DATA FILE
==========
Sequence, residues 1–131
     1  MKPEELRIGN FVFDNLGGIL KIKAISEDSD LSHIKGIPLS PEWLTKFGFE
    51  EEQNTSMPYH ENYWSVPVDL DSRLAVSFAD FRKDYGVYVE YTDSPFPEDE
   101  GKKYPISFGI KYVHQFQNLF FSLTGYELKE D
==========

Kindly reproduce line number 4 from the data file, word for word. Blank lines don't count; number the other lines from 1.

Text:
   101  GKKYPISFGI KYVHQFQNLF FSLTGYELKE D